Wednesday, August 19, 2009
IRS Overseas Income Amnesty
"Wealthy taxpayers have inundated the [IRS] in recent weeks with requests to come clean for past tax evasion, amid a government crackdown on undeclared income from overseas accounts. ... The IRS disclosure program, which began in March and is set to end Sept. 23, offers Americans the possibility that they may face civil charges, which can carry lower penalties than criminal charges for volunteering details of tax evasion. ... The UBS matter represents the government's highest-profile efforts to capture some of the billions of dollars in revenue lost to offshore tax evasion annually. ... The US and UBS continue to wrangle over how many account-holder names the bank will turn over. On Wednesday, a UBS attorney told Judge Alan Gold, of the US Southern District of Florida in Miami, that the bank was close to reaching a settlement. In a statement Wednesday, UBS said the parties are having 'productive discussions' but have yet to reach an agreement", Laura Saunders and Carrick Mollenkamp at the WSJ, 30 July 2009, link: http://online.wsj.com/article/SB124887938516790353.html.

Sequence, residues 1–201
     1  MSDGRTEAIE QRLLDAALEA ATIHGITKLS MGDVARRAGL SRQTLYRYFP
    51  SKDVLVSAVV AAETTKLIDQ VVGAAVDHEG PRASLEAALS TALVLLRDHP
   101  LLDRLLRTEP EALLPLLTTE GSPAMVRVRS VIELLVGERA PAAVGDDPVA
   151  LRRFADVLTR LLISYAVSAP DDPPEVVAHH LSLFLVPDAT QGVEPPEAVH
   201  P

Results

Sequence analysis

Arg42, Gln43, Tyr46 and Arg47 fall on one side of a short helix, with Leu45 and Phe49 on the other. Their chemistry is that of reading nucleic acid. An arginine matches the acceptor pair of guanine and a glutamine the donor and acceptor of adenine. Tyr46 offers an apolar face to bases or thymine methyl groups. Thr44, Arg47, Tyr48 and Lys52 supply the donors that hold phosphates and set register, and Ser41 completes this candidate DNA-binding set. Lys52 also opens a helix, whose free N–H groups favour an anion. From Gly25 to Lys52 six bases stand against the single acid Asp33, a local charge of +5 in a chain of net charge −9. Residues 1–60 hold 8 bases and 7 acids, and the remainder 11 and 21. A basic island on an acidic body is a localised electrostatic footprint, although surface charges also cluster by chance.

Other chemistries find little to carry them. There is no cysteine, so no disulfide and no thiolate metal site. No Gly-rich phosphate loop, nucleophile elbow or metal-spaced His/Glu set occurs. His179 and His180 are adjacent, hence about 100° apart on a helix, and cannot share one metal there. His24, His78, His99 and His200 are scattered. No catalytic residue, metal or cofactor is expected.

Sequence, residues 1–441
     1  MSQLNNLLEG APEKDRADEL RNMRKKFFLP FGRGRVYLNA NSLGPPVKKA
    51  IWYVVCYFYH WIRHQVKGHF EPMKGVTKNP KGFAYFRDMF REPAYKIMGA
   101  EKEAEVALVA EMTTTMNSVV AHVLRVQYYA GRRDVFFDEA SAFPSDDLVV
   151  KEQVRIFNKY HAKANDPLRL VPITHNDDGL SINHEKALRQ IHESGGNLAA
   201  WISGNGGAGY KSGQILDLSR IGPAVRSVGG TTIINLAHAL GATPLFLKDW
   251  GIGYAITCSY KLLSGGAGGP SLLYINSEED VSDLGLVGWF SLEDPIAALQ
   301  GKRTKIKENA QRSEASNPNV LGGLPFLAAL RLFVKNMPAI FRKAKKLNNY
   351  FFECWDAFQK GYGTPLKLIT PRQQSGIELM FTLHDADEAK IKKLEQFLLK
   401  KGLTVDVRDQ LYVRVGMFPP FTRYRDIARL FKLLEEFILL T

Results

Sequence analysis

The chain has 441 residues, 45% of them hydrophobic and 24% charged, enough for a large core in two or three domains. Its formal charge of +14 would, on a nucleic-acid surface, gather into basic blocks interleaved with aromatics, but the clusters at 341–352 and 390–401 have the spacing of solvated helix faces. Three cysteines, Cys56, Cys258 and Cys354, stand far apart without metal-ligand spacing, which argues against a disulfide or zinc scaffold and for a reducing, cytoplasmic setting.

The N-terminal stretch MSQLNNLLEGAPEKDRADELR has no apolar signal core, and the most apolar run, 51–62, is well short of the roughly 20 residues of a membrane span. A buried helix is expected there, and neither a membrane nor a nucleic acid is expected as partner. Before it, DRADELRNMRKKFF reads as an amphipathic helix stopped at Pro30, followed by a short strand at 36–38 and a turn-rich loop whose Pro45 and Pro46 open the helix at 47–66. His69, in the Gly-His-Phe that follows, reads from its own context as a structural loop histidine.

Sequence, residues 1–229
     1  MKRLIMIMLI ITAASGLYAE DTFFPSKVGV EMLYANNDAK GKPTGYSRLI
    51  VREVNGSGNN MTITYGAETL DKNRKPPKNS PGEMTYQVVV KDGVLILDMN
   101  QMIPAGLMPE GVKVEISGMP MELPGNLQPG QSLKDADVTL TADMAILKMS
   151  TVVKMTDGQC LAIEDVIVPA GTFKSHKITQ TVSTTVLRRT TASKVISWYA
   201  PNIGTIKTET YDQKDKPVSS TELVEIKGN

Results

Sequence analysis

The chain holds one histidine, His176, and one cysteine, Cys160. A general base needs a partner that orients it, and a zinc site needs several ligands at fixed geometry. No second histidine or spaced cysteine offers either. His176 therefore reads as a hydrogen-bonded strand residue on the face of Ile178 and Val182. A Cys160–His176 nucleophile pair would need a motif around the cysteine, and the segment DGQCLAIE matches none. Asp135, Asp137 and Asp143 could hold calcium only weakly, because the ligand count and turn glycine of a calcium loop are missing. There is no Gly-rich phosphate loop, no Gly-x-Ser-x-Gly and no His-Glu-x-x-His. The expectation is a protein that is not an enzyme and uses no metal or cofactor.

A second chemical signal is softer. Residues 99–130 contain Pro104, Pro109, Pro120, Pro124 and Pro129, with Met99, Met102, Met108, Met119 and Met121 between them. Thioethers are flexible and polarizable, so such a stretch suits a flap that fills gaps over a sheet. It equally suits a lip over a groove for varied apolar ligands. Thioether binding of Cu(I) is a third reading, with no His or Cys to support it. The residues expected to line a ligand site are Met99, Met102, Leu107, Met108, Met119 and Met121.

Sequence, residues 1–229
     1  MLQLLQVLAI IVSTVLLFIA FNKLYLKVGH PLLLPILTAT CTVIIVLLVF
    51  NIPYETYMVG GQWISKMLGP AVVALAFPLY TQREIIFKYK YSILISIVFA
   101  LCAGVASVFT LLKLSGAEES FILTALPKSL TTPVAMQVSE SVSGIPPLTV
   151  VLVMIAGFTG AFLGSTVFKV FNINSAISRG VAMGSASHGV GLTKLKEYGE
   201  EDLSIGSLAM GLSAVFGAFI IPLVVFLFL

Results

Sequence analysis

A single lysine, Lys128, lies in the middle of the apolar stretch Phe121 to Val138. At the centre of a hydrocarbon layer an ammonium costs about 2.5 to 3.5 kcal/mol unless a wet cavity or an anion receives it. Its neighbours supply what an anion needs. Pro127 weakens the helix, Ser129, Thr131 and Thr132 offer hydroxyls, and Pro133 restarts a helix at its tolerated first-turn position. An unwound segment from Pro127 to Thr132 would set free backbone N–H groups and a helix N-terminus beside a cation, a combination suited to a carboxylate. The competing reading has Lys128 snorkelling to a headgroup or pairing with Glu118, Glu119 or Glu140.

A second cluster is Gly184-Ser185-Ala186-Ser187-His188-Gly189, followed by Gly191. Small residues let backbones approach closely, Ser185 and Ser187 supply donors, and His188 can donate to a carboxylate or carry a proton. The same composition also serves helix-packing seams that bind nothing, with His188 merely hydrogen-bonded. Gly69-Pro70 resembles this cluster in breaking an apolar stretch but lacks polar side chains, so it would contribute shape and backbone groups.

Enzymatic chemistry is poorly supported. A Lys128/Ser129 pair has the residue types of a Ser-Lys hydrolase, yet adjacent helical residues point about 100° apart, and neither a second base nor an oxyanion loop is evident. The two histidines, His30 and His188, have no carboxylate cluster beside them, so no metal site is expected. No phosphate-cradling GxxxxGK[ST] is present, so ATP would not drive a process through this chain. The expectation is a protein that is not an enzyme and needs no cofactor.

Will the IRS have the DOJ file criminal charges, or is this a bluff? With 115 million tax returns filed annually in a typical year, only 1,000 persons are charged with criminal tax evasion. The DOJ even settled with Olenicoff, my 20 May 2008 post, link: http://skepticaltexascpa.blogspot.com/2008/05/sentencing-snipes-2.html, for no prison time. How much time will the DOJ allot to this instead of Wall Street malfeasance? Billions, hah? How much did Uncle Sam spend on AIG? Consider sending Eric Holder a letter telling him you think the DOJ has better things to do with its time than harass these UBS account holders, like say, find something to charge Lloyd Blankfein with.